written by Ian Sommerville presents risk terminology
in a more objective way, according to concepts used
by software engineers.
2.4 Used Groupwork Model and
Ontologies have been created using a methodol-
ogy initially designed for Ontology Creation System
(OCS) (Boinski et al., 2009) developed by The De-
partment of Computer Architecture of Gdansk Uni-
versity of Technology. Opposed to methodology
available in Protegeeditor (Gennari et al., 2002) (Noy
et al., 2000) with Collaborative Protege (Tudorache
et al., 2008) extension, this methodology ensures that
the creator of the ontology will retain control over it.
Whereas Protege resolves conflicts by means of vot-
ing, OCS methodology always leaves the final word
to the ontology owner.
Any registered user can propose some changes in
any ontology. A privileged user, i.e. ontology creator
or an expert designated by him, can accept or reject
proposed changes. After that, a new version is created
and accepted changes are available for other develop-
ers. The whole process is showed in Figure 1. When
an ontology is public and its development is not re-
stricted in any way, the process of submitting propo-
sitions of changes can be combined with creating a
new version.
For the purpose of this paper we distinguish a se-
curity expert, who was assigned the role of an ontol-
ogy owner and all changes needed to be accepted by
Table 1: Aggregated results of ontology comparison using
Falcon-OA (Jian et al., 2005).
ENISA NIST Sommerville
ENISA X 26 17
NIST 26 X 18
Sommerville 17 18 X
3.1 Ontology Learning
There are many methodologies of learning ontolo-
gies from natural text, for example (McGuiness and
Table 2: Similarity between ENISA and NIST based ontologies.
No. Concept name Concept name Similarity
1 Group Group 1.0
2 Operation Operation 0.9989048162438352
3 Safeguard Safeguard 0.9984604434491676
4 Mission Mission 0.9979042801363289
5 Denial Of Services Denial Of Service 0.9900581108148236
6 Attack Attack 0.9805473496555192
7 Weakness Weakness 0.9641696140783707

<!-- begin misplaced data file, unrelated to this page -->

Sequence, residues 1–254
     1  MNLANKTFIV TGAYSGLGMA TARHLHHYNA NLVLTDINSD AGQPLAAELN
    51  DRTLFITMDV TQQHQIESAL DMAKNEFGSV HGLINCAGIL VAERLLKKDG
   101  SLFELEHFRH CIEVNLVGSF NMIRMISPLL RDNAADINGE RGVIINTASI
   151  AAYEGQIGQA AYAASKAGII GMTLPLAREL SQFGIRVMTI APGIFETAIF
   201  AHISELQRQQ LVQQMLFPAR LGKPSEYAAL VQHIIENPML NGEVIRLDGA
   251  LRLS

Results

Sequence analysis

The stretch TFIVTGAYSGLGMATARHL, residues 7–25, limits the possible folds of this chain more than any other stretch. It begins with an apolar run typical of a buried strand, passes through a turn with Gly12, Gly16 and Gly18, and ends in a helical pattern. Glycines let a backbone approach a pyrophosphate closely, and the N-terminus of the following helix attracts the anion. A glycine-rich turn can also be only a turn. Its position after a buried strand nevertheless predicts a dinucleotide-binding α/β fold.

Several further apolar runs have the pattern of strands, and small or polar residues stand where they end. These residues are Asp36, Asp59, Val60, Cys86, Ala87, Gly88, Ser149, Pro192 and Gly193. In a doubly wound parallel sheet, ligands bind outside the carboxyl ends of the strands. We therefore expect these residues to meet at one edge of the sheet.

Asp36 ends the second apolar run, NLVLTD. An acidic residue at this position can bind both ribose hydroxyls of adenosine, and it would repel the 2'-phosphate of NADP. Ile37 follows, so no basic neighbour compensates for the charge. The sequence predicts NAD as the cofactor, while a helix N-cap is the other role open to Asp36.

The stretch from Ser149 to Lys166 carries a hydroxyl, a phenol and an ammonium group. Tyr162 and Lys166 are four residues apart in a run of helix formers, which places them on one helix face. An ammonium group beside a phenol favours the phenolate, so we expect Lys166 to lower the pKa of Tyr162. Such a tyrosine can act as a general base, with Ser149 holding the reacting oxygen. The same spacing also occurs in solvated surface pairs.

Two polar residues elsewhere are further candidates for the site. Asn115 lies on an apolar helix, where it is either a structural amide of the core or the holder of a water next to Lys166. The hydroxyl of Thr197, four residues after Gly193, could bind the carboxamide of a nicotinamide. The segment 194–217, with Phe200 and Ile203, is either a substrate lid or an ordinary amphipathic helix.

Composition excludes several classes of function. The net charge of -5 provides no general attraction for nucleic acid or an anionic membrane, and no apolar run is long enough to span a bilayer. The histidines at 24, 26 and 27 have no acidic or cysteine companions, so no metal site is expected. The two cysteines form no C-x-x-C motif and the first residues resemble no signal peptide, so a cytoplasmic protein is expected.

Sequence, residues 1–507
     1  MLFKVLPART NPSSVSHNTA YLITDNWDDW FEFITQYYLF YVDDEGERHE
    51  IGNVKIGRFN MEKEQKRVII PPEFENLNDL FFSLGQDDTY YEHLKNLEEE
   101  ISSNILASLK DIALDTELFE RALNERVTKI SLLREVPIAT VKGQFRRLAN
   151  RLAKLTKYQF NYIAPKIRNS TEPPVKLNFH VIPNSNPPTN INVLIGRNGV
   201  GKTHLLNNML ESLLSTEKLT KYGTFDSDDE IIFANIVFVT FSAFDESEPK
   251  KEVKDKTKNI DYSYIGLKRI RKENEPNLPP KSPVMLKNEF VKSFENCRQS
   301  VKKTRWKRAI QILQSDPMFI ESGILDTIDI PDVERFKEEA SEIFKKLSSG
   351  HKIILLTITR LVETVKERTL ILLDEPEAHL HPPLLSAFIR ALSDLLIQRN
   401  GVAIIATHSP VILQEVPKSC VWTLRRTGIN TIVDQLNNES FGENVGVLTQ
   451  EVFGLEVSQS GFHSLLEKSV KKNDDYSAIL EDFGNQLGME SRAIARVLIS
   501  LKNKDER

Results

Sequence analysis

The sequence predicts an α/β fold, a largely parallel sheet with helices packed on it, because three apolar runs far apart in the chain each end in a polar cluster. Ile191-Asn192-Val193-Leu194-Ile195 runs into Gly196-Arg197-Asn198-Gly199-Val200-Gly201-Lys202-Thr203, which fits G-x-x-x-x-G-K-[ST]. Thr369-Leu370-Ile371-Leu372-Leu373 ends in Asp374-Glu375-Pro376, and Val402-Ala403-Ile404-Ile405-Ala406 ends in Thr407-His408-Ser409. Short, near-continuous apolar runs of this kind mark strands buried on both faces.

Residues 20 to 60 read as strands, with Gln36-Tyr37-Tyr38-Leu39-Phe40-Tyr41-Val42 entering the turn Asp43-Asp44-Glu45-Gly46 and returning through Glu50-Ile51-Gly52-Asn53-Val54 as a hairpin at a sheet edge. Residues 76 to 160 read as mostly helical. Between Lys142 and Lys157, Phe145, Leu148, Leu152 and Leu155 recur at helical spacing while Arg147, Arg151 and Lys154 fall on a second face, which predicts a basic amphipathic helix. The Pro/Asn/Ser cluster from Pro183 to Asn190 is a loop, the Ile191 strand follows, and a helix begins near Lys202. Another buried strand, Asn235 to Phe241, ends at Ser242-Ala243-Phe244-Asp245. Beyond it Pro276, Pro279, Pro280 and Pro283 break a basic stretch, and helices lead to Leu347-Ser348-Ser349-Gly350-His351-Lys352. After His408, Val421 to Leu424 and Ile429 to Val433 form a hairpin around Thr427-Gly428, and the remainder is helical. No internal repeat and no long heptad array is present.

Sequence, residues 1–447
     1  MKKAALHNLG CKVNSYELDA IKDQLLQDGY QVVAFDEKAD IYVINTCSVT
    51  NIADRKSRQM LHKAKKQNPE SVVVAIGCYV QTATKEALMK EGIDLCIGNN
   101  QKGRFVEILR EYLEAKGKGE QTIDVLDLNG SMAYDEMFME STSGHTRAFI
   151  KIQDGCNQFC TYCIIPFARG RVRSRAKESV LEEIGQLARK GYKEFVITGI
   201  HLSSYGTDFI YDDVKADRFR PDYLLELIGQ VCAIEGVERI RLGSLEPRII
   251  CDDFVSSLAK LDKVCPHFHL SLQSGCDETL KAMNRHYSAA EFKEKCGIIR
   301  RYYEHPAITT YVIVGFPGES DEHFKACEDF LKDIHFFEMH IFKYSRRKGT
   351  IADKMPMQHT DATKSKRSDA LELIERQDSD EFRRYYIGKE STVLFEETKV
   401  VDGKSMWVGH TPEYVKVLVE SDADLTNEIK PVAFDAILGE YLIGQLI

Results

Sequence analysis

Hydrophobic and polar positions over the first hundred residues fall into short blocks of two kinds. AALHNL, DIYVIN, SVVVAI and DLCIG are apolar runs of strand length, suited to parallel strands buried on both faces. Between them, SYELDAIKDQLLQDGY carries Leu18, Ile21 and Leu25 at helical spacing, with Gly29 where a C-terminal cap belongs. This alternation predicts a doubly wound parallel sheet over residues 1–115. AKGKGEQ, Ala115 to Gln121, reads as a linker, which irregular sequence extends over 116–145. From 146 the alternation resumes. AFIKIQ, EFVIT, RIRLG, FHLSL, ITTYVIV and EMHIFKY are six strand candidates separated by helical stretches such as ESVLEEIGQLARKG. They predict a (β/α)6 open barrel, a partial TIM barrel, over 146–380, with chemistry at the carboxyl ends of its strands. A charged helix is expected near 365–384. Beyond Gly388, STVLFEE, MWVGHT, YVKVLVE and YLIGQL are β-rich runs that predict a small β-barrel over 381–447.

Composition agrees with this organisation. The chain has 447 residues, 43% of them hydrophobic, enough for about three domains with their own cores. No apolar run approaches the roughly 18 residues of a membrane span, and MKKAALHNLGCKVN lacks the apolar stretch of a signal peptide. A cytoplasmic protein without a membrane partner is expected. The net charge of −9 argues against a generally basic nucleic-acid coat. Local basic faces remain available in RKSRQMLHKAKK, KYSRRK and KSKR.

8 Harm Harm 0.9203099356002691
9 Circumstance Circumstance 0.9177295789689781
10 Potential Potential 0.9140700859364972
11 Threat Threat 0.8307676361865943
12 Event Event 0.811927478336268
13 Modification Of Data Unauthorized Modification Of Data 0.8098784893405487
14 Implementation Error Implementation 0.797691170284476
15 Risk Risk 0.7695468416659597
16 Vulnerability Vulnerability 0.756619672104696
17 Procedure Security Procedure 0.7487199546707506
18 Application Major Application 0.7344763940853262
19 Control Security Control 0.713245540577225
20 Unauthorized Access Unauthorozed Access 0.7084168873642644
21 Destruction Unauthorized Destruction 0.7079624012576695
22 exploits exploits 0.999738325227409
23 isMemberOf isMemberOf 0.9994788690128461
24 hasMember hasMember 0.9992265192460275
25 causes causes 0.9898447200777993
26 isPotentialOf isPotentialThat 0.9075646311625767
27 hasPotentialToImpact hasPotentialTo 0.7669824888017037
Table 3: Similarity between ENISA and Sommerville based ontologies.
No. Concept name Concept name Similarity
in ENISA in Sommerville
1 Value Value 1.0
2 Weakness Weakness 0.9564709904052531
3 Potential Potential 0.9271158225611422
4 Harm Harm 0.9209783867451191
5 Circumstance Circumstance 0.9171607954808378
6 Attack Attack 0.8580363426992699
7 Control Control 0.8539265029954892
8 Asset Asset 0.8204264111517303
9 Computer system Computer Based System 0.7963994582890108
10 Information Resource Resource 0.7959453114871415
11 Threat Threat 0.7820141153736444
12 Event Event 0.7815727930842786
13 Risk Risk 0.758768058194784
14 Vulnerability Vulnerability 0.73883024261744
15 reduces reduces 0.9997731663396932
16 hasValue hasValue 0.9982319005180453
17 exploits canBeExploited 0.777640801540454
Noy, 2005) or (Fernandez et al., 1997). The modified
“Noy and McGuiness” approach was used here. Orig-
inal “Noy and McGuiness” Knowledge Engineering
Methodology consist of 7 steps:
1. To determine the domain and the scope.
2. To consider reusing of existing ontologies.
3. To enumerate important terms.
4. To define classes and class hierarchy.
5. To define properties of classes.
KEOD 2010 - International Conference on Knowledge Engineering and Ontology Development
Table 4: Similarity between NIST and Sommerville based ontologies.
No. Concept name Concept name Similarity
in NIST in Sommerville
1 Potential Potential 1.0
2 Protective Measure Protective Measure 0.9997987609025334
3 Circumstance Circumstance 0.9997494477352709
4 Weakness Weakness 0.9995264158511349
5 Harm Harm 0.9988494092141691
6 Information System Vulnerability System Vulnerability 0.8857014523683819
7 Attack Attack 0.8825122910116765